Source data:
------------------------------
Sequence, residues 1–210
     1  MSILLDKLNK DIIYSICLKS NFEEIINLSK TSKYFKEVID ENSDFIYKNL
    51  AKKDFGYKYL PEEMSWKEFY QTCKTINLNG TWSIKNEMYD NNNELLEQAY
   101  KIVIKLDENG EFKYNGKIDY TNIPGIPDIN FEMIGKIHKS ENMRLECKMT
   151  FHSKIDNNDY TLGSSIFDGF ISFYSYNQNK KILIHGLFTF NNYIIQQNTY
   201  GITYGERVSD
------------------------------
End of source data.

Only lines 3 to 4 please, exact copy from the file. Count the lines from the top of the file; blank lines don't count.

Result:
    51  AKKDFGYKYL PEEMSWKEFY QTCKTINLNG TWSIKNEMYD NNNELLEQAY
   101  KIVIKLDENG EFKYNGKIDY TNIPGIPDIN FEMIGKIHKS ENMRLECKMT